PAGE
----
10. 10. RESINOIDSCan be viscous liquids, semi-solid or solid.Usually homogeneous mass of non- crystalline character.Uses: in perfumery as fixatives to prolong the effect of a fragrance.
  11. 11. ABSOLUTESObtained from a concrete, pomade, or a resinoid by alcoholic extraction.The extraction process may be repeated.The ethanol solution is cooled & filtered to eliminate waxes.The ethanol is then removed by distillation.They are usually highly concentrated viscous liquids.
  12. 12. Fx OF VOLATILE OILSIn most cases, the biological function of the terpenoids of essential oils remains obscure – it is thought that they play an ecological role – protection from predators & attraction of pollinators.
  13. 13. LOCALIZATIONSynthesis & accumulation of essential oils are generally associated with the presence of specialized histological structures, often located on or near the surface of the plant: - Oil cells of Zingiberaceae - Glandular trichomes of Lamiaceae - Secretory cavities of Myrtaceae or Rutaceae - Secretory canals of Apiaceae or Astereraceae (Compositeae)
  14. 14. VOLATILE OIL COMPOSITION Mixtures of HC’s and oxygenated compounds derived from these HC’s.  Oil of turpentine – mainly HC’s  Oil of Clove – mainly oxygenated compounds EXCEPTION: Oils derived from glycosides (e.g. bitter almond oil & mustard oil). Oxygenated compounds – responsible for the odour/smell of the oil. They are slightly water soluble – Rose water & Orange Water; more alcohol soluble. Most volatile oils are terpenoid. Some are aromatic (benzene) derivatives mixed with terpenes. Some compounds are aromatic, but terpenoid in origin (e.g. Thymol – Thyme)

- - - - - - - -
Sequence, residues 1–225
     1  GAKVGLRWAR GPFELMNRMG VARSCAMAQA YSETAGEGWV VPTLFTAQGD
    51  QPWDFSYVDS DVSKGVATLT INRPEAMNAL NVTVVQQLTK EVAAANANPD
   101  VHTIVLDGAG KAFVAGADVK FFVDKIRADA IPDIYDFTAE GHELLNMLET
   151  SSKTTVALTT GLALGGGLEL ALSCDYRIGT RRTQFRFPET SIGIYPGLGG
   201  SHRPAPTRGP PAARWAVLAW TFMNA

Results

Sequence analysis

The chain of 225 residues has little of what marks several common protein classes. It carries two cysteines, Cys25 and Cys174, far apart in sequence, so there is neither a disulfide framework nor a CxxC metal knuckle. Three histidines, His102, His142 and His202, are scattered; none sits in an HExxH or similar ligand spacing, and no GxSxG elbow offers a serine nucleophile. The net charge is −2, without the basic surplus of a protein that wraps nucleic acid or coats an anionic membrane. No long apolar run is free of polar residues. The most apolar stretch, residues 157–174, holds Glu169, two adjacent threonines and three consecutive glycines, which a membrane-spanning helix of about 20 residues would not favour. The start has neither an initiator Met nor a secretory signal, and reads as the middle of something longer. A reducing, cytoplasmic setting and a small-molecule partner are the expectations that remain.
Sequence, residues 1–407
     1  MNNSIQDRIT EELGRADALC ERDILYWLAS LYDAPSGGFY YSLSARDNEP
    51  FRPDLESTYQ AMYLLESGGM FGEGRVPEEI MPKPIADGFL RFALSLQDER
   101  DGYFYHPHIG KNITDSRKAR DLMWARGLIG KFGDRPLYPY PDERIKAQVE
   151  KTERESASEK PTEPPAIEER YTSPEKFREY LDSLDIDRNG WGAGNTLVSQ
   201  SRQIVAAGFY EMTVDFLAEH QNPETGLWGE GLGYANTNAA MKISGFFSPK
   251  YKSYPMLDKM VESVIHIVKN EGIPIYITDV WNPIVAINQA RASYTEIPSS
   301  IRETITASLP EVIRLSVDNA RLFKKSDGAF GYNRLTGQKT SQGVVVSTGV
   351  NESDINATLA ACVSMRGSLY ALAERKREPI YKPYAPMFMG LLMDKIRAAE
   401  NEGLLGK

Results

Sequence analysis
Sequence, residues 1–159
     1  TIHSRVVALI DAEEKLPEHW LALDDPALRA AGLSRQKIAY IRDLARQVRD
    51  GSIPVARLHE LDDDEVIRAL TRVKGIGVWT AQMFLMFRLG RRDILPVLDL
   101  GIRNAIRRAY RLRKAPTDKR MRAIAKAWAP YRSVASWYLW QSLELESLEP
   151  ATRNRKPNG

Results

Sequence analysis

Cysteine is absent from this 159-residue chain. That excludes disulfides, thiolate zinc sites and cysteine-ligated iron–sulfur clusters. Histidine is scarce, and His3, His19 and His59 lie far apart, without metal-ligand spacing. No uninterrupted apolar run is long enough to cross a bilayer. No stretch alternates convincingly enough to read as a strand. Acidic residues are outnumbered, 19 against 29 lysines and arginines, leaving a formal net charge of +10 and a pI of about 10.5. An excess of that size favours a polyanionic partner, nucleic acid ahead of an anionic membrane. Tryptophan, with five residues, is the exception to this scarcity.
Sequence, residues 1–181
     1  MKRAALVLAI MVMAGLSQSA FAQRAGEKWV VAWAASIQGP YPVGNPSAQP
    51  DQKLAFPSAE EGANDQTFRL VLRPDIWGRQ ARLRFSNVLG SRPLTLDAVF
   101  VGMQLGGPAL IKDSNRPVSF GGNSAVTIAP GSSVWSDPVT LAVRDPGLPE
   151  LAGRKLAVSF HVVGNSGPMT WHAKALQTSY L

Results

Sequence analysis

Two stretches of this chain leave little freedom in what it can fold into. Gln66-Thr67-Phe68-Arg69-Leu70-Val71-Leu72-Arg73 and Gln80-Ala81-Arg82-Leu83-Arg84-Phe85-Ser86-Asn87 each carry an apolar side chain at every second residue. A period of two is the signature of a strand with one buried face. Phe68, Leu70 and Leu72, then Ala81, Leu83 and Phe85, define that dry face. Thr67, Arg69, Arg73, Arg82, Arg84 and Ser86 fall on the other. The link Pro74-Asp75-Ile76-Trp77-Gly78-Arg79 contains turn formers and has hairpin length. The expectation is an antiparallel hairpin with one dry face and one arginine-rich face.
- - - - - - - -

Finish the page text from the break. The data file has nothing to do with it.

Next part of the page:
15. 15. CHEMICAL COMPOSITIONVolatile oils are divided into 2 main classes based on their biosynthetic origini. Terpene derivatives (formed via the acetate mevalonic acid pathway)ii. Aromatic compounds (formed via the shikimic acid-phenylpropanoid route)iii. Miscellaneous Origin
  16. 16. A. TERPENESTerpenes, or terpenoids, are the largest group of secondary products (metabolites).They are all formed from acetyl CoA or glycolytic intermediates.
  17. 17. CLASSIFICATION OF TERPENESAll terpenes are formed from 5-C elementsIsoprene is the basic structural element.
  18. 18. CLASSIFICATION OF TERPENESTerpenes are classified by the number of 5-C atoms they contain10-Carbon terpenes (contain 2 C-5 units) – monoterpenes15- Carbon terpenes (3 C-5 units) are called sesquiterpenes.20-carbon terpenes (4 C-5 units) are diterpenes.Larger terpenes (30 Carbons) are called triterpenes (triterpenoids), 40 Carbons – called tetraterpenes and polyterpenoids.
  19. 19. TERPENOIDSTerpenoids contain only the most volatile terpenes (i.e. molecular weight is not too high)  mono and sesquiterpenesMay occur as oxygenated derivatives, e.g. alcohols, aldehydes, ketones, phenols, oxides & esters.